The name of director Yoshitaro Nomura has only been mentioned on this blog once and it was in relation to the anime “Coppelion” back in January. He’s a man I know from researching other titles. It’s a bit of an oversight because he is one of those directors who started work during the New Wave of Japanese filmmaking (think Nagisa Oshima) and carved out a mighty fine career tackling difficult subject matter and was awarded the Order of the Rising Sun by the Japanese government in 1995. I get the chance to rectify that oversight because the Institute of Contemporary Arts down in London is playing host to a season of his films during a 6-day run of his films from April 18th until April 23rd.
Yoshitaro Nomura was a popular director and pioneer of Japanese film noir. He made his debut in 1953 with “Pigeon” and directed, wrote and produced around 89 films up until his death in 2005, some of which are considered classics He worked a lot on adaptations of novels by the best-selling author Seicho Matsumoto and created what some critics consider the best version of “Zero Focus” (1961) which is one of the films getting screened at the ICA. The other films include the 1974 thriller, “Castle of Sand”, which is ranked as one of the greatest ever-Japanese films by domestic critics, as well as “The Demon” (1978), “Stakeout” (1958), and “The Shadow Within” (1970).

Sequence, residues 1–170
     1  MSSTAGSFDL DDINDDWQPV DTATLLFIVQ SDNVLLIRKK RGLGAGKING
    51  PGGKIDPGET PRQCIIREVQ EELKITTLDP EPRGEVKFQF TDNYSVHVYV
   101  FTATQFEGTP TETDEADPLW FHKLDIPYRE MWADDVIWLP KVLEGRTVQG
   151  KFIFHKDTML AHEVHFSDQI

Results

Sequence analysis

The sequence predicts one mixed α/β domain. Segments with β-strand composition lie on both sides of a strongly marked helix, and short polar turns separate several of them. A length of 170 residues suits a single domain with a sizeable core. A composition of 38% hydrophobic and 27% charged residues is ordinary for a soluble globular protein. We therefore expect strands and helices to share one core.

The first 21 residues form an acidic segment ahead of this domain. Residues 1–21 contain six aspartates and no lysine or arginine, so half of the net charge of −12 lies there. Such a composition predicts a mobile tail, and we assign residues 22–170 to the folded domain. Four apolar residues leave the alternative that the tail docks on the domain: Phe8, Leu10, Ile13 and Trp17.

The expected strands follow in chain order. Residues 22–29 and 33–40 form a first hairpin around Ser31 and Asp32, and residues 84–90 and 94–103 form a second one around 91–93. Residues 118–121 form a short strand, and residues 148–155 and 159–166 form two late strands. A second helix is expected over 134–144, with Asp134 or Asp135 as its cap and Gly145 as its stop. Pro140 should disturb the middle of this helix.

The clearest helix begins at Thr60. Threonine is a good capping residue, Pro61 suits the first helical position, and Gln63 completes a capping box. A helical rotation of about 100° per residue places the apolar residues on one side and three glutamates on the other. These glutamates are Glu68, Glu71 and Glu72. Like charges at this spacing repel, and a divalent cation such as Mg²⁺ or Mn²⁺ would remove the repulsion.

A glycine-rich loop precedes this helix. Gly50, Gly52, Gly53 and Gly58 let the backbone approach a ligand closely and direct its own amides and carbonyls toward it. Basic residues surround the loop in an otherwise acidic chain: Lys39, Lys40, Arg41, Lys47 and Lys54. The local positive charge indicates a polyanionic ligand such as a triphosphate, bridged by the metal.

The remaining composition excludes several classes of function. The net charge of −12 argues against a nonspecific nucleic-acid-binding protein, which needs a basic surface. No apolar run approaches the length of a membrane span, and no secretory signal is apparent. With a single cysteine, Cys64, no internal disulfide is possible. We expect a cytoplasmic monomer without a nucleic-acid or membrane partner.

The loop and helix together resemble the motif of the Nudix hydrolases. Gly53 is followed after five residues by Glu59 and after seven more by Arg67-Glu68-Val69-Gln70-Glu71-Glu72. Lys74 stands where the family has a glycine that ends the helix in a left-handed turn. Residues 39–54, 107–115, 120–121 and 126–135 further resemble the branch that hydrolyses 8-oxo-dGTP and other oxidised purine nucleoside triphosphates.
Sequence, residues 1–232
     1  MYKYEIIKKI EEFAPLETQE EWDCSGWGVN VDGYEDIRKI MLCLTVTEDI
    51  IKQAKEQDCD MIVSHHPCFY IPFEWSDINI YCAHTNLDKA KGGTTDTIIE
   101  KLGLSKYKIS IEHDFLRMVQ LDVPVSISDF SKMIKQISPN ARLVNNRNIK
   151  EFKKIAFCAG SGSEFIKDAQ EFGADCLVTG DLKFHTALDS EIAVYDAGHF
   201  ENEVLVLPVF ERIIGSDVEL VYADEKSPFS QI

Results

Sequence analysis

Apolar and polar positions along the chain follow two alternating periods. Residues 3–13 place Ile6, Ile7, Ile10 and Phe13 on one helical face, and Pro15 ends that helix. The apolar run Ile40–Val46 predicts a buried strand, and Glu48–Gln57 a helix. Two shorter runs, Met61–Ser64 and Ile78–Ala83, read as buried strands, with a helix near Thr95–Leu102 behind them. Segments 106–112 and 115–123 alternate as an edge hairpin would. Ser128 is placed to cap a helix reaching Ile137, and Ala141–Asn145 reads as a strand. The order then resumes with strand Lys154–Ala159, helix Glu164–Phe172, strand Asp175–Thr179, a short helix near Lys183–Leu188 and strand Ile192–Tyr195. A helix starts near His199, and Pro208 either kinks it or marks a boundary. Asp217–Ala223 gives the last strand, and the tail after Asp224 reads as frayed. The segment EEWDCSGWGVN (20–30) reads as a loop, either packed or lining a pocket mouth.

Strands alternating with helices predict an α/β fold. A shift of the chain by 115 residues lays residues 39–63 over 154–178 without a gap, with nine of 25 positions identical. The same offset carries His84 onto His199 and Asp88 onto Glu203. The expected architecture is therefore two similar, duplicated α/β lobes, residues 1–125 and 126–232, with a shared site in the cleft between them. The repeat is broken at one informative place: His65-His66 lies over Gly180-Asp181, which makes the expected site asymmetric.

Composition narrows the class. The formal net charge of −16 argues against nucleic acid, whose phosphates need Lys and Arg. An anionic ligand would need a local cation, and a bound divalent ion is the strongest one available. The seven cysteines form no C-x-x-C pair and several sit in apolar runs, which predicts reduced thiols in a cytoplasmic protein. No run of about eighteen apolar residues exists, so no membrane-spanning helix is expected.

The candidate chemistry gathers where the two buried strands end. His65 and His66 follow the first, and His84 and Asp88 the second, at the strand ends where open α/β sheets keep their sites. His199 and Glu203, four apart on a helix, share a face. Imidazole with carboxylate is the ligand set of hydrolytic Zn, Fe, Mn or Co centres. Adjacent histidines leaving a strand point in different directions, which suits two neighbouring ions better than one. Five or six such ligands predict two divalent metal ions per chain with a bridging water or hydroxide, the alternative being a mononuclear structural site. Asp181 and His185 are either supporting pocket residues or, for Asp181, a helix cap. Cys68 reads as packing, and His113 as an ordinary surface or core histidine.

Here’s the breakdown of the films, just click on the titles for more information such as times and a more detailed synopsis: